Times, they are a changin’ for Mac users. Fans of Mac systems have been relatively virus and trojan-free, since most malicious programmers usually aim their sights on PCs and Windows. Symantec’s Kevin Haley, director of security response, says, “The bad guys generally go toward the biggest target, what will get them the biggest bang for their buck.” CNN points out “Mac computers are known for their near-immunity to malicious computer programs that plague PCs.”
Apple enjoyed relative obscurity, with the number of personal computer systems being predominantly PCs. That seems to have changed now, though, with small, but growing numbers of malware targeting Macs.
The big one in the news now is a trojan horse program called iBotnet, which has infected only a few thousand Mac machines so far. It’s a relatively benign trojan, though, but represents a growing trend of Mac-specific viruses, trojans, and worms.
Symantec detailed iBotnet in Virus Bulletin’s January edition. The company still promotes that Macs are generally not threatened by malicious software, so long as reasonable precautions are taken. iBotnet itself is a part of a pirated download of iWork.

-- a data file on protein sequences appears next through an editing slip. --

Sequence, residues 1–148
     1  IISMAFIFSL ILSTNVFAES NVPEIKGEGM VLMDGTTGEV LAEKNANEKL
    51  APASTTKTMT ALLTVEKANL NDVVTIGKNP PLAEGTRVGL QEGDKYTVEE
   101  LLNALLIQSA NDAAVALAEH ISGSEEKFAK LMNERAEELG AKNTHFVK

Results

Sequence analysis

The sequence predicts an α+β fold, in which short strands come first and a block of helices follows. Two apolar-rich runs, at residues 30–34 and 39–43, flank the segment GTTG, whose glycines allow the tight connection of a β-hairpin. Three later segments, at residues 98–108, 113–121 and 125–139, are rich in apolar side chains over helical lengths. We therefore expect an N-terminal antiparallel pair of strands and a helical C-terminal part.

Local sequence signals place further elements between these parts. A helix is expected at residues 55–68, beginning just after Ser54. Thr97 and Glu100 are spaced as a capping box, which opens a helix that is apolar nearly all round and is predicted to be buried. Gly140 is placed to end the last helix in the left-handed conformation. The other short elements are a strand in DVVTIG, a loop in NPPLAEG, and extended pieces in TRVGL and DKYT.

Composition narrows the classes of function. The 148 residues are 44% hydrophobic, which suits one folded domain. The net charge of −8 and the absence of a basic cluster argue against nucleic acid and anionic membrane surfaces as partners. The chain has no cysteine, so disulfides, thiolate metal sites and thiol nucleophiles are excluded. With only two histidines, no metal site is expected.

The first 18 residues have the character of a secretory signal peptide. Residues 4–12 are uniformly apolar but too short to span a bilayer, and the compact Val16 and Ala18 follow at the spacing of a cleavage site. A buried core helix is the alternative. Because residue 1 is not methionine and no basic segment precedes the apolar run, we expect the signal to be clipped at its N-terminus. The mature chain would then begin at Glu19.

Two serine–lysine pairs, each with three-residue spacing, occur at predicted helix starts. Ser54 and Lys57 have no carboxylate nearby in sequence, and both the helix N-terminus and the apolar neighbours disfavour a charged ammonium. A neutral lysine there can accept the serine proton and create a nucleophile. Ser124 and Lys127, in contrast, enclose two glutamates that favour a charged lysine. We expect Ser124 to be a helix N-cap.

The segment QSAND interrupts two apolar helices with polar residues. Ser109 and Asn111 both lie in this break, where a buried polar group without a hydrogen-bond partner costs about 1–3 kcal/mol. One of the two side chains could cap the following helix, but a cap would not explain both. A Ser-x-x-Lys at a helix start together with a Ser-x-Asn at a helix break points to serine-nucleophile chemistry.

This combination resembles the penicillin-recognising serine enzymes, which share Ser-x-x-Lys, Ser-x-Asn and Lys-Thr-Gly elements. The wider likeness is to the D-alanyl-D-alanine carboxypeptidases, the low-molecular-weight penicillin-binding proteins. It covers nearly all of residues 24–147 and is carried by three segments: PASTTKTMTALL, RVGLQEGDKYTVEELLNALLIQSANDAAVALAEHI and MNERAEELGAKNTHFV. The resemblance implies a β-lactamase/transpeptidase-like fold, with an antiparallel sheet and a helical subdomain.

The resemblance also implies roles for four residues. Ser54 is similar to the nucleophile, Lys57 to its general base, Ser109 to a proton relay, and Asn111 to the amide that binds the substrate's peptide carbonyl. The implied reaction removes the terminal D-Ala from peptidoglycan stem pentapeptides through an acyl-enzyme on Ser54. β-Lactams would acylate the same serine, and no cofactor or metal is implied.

Obviously, your Macintosh isn’t immune to malware and attack–nothing is. But your Apple is a lot less likely to get a bite taken out of it by someone with evil intent than someone else’s Window will get broken by a virus.
Conversely, more limited, but direct attacks such as trojans and identity theft tools like keyloggers aimed at Mac users will occur more often than they have before, according to McAfee’s Cyberbrime and Online Threats assessment for 2009. This is because users of Macs are generally more affluent, on average, than PC users.
So threats against Mac users are probably going to be on the rise. If you aren’t using protection, most experts agree, you’re putting too much faith in the hope that your Mac won’t be a target.